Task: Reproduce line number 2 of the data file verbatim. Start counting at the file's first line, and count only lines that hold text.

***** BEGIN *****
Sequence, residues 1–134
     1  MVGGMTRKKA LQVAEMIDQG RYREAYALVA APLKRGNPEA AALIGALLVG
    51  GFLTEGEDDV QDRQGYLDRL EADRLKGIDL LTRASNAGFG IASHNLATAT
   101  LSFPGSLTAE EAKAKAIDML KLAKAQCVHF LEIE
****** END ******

     1  MVGGMTRKKA LQVAEMIDQG RYREAYALVA APLKRGNPEA AALIGALLVG